Where we are at the end of 2016

Since our fourth Parliamentary debate in September, we’re seeing plans and talk about palliative care pick up in all parts of the state – but despite vocal campaigning, there is still incommensurate action on behalf of the Government.

As the year comes to an end, now is a useful time to assess where we stand so we might zero in on the areas which need more pushing throughout 2017.

Cancer Council campaigning

Talk about palliative care in the media is thanks in large part to the Cancer Council’s vigorous new campaign – I Care For Palliative Care.

This campaign is in full swing – with a meeting with the Premier and Health Minister in July, November saw the launch of the ‘Planning For Change’ event, attended by CAN advocates from all over NSW, including several of our Push for Palliative Ambassadors. The Cancer Council is asking for funding for at least 10 more specialist palliative physicians and 129 additional specialist palliative nurses across NSW, with provisions for the culturally appropriate care of Indigenous Australians.

To this end, the campaign has produced a book of heart-wrenching real life stories which illustrate all too sadly what happens when palliative care is in short supply. Off the back of this activity, media stories have been published in Albury and Tamworth, with the call for pledges making headlines in Dubbo.

To help with the campaign, please consider signing the Cancer Council’s pledge if you haven’t done so already, and share with your contacts far and wide.

Movements around the state

The ACI Palliative Care Network Blueprint for Palliative Care was launched earlier this year, and is now being worked though, slowly but steadily, by some of the Local Health Districts. The process right now is on assessing what needs to be improved in order to meet the “Ten Essential Components” of care included in the blueprint, which include access to specialist palliative care.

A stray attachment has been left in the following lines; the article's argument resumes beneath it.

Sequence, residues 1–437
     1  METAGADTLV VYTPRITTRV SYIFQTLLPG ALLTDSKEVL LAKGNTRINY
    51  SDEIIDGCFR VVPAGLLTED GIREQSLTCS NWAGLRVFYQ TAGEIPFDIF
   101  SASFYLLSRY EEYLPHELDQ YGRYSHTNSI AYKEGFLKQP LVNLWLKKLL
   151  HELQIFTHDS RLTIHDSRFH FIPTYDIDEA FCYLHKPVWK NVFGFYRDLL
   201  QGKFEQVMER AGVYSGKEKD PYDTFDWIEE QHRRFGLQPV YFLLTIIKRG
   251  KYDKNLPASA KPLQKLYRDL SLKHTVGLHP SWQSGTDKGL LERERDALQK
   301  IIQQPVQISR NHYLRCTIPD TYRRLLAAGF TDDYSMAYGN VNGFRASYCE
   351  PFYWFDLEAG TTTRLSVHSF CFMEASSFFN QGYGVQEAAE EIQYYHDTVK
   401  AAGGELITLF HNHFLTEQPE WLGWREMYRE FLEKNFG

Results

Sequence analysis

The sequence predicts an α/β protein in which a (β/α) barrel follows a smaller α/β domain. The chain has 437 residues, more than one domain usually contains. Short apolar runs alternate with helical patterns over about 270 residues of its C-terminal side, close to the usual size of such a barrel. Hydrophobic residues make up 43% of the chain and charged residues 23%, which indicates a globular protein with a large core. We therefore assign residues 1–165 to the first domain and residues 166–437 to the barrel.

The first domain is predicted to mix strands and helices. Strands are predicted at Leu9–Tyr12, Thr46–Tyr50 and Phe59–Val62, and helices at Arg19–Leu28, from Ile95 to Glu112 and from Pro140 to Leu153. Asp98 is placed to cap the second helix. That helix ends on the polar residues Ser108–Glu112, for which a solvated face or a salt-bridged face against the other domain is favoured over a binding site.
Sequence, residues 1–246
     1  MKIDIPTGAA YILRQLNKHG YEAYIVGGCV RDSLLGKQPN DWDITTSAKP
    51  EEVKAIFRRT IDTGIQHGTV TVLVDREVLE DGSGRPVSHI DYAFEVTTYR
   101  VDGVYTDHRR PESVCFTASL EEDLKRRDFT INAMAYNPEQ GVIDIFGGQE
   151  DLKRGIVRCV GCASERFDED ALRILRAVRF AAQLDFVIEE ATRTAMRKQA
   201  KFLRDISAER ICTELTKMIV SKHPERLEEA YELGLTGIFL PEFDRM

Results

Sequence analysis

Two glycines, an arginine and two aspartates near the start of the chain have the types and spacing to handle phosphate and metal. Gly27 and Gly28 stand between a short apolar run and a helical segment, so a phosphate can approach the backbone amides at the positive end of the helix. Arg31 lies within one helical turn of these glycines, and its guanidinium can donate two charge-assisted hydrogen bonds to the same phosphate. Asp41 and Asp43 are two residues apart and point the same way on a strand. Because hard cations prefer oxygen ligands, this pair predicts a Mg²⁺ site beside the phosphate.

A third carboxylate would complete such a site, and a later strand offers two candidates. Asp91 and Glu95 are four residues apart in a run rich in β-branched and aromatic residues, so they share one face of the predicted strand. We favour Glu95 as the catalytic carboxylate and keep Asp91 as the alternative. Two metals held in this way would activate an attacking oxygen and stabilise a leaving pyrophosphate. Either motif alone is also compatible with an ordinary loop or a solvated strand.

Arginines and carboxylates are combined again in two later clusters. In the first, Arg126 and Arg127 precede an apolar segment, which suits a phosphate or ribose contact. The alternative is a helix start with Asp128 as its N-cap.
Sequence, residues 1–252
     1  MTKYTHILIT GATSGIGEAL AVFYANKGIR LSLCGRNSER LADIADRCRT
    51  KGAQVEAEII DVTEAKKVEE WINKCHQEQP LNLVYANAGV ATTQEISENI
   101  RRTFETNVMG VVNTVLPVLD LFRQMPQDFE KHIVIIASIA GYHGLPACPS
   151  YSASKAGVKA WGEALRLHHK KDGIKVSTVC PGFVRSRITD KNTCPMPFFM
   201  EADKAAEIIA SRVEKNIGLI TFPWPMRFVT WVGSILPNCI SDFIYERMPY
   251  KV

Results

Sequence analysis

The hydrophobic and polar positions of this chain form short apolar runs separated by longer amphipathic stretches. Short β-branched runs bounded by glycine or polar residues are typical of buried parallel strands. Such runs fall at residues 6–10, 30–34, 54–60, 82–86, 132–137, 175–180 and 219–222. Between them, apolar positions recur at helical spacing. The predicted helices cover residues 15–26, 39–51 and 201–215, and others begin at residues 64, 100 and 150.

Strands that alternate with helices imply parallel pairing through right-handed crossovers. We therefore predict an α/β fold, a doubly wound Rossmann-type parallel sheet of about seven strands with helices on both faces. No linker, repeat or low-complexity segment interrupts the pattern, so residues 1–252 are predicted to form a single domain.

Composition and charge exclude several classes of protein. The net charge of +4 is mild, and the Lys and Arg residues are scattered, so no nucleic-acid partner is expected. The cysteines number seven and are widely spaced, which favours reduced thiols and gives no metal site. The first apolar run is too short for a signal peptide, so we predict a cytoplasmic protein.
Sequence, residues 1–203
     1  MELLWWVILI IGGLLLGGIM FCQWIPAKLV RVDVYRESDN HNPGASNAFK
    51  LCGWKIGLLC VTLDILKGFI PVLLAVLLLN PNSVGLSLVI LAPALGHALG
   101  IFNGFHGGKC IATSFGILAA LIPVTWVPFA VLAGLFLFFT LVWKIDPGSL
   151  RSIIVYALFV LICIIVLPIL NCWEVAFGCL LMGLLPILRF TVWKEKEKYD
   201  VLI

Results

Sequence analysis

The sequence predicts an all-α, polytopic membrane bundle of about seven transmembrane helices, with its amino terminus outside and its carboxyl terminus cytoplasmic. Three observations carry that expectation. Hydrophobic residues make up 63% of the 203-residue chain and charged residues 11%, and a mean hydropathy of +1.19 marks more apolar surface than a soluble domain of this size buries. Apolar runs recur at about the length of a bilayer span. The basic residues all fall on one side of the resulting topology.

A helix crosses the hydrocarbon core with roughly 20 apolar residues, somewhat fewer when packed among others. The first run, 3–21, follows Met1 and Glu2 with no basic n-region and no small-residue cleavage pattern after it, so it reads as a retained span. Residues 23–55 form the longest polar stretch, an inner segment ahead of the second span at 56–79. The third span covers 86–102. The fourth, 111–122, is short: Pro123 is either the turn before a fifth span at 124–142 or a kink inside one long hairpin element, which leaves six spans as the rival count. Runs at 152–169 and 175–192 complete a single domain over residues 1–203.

In good news, it has been confirmed that there will be a new palliative care unit at the beautiful Mona Vale Hospital site. In Wagga, builders have been appointed for the construction of the Forrest Centre. The centre has been billed as a 10 bed hospice – my understanding is that it is a slow stream palliative care unit within an aged care facility. You can find out more here.

The much-needed palliative physician position for Albury is now being advertised, while progress in Maitland is disasterous following the recent resignation of Maitland’s inspirational palliative physician.

Meanwhile, the NSW Audit Office has begun investigating palliative care data across the state.

News from our Ambassadors

At the end of the year, we now have 56 Ambassadors across the state attuned to the palliative care shortages in their local communities. Their news points consistently to black holes in specialist staff availability and palliative care units – see which areas you would like to get involved with in the new year:

On the Central Coast, we have an energetic group of advocates headed by Oana McBride and Margaret Pearce of the Tuggerah Lions Club, pushing for more specialist palliative care staff and a designated palliative care unit to be included in the grounds of Wyong Hospital as it is rebuilt.

The plight is similar in Orange, with the Push For Palliative community there focused on the inclusion of a palliative care unit in the new hospital, and more specialist palliative care staff. Fundraising by the Manning Valley (Taree) group is helping to assist their community when they need palliative care, and to advocate for more specialist availability more broadly.